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Bullying from afar posted Mar 29, 2018

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You post your opinion on one of the social media platforms and someone who disagrees with you insults you and berates your opinion. This rebuttal opens the doors, windows, trap-doors, motes, and sunroofs for everyone who agrees with your assailant to further diminish your social media stature—you think. As the days pass more comments, over 100 now, flood the internet with more insults. Now you’re wondering when and if this is ever going to end. You’re considering closing your pages and laying low until this thing blows over.

Question for you? “What is the difference between someone insulting you online and insulting you in person? More clearly put, someone follows you around for a week telling you how stupid and uninformed you are and inviting others to join him/her in following you around with insults. Would this be the same as what happened on the internet? And in response to the face-to-face abuse, you decide to stay in the house until things blow over.

Both scenarios are examples of bullying. Except the first incident is what we call cyber-bullying. Right, this is done online, with the bully at home, tucked safely behind her/his computer. We’ve all noticed how bold people get with their opinions when they don’t have to face their victims. The second one is the traditional approach to bullying; this bully often knows exactly what he’s/she’s doing. The brut knows how to purposely unnerve, frighten, and harass you.  Of course, there are many reasons for this behavior, but the point of this article is to see if those of us who unintentionally bully others online may be persuaded to re-think how we reply or respond to others’ online posts.

Consider the following:

1)    We don’t have to agree but there is a way to disagree without name calling

2)    The way to disagree is that you simply suggest that you may not understand something or that you could wrong. This way you are acknowledging that there is more than one way to see a thing.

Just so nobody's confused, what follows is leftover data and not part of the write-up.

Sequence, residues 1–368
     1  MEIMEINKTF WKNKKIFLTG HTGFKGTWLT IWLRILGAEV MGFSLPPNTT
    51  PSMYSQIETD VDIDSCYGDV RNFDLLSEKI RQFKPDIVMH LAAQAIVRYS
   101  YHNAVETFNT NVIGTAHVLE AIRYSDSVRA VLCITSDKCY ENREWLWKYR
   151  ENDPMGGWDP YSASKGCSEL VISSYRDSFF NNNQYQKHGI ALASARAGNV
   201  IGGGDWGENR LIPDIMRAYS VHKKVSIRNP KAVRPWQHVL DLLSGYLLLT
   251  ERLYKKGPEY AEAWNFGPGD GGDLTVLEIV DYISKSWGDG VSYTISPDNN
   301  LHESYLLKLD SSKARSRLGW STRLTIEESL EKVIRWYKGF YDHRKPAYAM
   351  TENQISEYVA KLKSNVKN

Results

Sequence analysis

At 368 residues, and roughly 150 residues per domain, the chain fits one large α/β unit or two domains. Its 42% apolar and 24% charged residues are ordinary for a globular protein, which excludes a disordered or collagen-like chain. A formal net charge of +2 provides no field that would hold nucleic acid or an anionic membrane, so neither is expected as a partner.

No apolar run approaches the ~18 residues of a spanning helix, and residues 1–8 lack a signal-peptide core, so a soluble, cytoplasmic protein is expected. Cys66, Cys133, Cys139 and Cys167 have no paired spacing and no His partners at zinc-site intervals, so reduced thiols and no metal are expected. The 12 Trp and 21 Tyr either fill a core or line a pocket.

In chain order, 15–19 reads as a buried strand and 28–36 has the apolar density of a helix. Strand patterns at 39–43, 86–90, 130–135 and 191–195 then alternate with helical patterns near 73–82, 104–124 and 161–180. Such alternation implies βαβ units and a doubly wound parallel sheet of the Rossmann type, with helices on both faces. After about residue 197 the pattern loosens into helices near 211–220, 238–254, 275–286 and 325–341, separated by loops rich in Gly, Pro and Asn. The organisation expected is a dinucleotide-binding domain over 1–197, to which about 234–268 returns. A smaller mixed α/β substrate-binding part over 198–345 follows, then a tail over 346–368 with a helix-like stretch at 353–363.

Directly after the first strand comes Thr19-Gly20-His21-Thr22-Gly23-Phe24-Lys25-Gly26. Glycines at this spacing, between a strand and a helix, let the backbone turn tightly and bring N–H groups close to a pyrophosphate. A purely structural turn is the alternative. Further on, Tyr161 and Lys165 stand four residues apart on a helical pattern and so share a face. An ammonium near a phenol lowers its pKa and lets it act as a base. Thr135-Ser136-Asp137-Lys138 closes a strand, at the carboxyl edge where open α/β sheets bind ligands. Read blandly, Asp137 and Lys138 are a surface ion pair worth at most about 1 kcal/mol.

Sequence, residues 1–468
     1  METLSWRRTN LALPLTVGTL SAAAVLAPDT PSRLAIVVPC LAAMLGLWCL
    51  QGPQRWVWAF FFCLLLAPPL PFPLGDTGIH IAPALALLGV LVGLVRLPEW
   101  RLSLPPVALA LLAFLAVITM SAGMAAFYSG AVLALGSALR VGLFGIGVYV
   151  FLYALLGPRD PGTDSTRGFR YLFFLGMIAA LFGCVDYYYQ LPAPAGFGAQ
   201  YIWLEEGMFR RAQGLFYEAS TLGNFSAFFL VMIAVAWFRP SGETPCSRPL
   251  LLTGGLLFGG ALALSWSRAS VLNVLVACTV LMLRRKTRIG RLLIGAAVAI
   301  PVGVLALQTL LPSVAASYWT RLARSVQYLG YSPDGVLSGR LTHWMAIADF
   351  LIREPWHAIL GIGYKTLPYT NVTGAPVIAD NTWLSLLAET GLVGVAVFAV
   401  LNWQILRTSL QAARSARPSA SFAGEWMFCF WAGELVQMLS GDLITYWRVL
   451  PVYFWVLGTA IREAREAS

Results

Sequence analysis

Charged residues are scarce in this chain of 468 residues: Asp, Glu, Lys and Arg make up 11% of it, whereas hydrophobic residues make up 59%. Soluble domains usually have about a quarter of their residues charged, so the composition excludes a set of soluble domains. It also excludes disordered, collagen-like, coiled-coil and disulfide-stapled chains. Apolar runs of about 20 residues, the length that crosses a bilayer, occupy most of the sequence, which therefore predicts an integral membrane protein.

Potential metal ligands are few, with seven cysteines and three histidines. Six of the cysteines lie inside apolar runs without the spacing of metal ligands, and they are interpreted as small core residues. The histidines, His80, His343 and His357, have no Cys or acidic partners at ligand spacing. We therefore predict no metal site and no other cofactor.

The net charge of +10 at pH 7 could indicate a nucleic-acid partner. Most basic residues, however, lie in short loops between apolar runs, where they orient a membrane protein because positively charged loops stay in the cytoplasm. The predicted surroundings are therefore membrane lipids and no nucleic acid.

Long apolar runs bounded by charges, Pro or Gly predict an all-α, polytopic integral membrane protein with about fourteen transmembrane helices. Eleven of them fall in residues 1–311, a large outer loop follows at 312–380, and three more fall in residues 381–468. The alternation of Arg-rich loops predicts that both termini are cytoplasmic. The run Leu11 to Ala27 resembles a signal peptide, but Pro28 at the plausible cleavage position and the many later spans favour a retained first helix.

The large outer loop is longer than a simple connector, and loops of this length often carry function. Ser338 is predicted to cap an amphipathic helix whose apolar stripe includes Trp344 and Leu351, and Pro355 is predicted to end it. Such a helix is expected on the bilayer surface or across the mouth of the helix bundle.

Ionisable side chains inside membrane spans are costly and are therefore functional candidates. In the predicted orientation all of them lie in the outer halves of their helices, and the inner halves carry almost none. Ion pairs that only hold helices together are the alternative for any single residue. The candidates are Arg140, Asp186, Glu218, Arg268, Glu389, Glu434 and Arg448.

3)    Right, acknowledge that there is more than one way to “see a thing or do a thing.” I’d bet my life that there is someone on the other side of the earth that is doing the same thing as I, using an approach that is the complete opposite, but it’s just as effective. I just know it.

Now let me follow my own advice. I could be missing something, y’all. I’ve seen a lot of insulting comments especially from YouTube, “music critics.”  Now I’m thinking that insulting other people’s musical taste may be the way it goes. I mean this may be the culture or the normal process for YouTube listeners. Just because I have a “normal” that is different from yours doesn’t make my normal incorrect. Back in my day, we’d say that I’d need to “pull up.” So, I’m pulling up. I’m considering that what I’m calling cyber “bullying” or cyber “insulting” may be how the game is played.

Oh, like in my day, we used to play the dozen (of course we didn’t know the slaver history behind it at the time) but it was all done in fun and nobody felt insulted or upset—although the point was to find the most hilarious way possible to insult someone. So, I need to respect how it’s done online. But, I can also respond to others’ posts in my own way, which does not include insulting or othering—a term that means disrespecting someone or something because it's different from my way of doing things.

So, I’ve come full-circle: I can acknowledge that there is more than one way to post opinions on social media content. I can respect that I may not know that for the online culture “insults” (my interpretation) are standard, possibly not personal (may not even be an insult) thus not cyberbullying. And, finally, I can posts my opinion my way because there is more than one way to make online commentary.

Or, I could join the new age online commentator and offer the judgment that people who insult and berate others from the privacy and safety of their homes are cowards and juvenile, but that would not only be

28850 PointsGold

Dr. Debra LMFT (MT2416)

/ The Relationship Expert / LMFT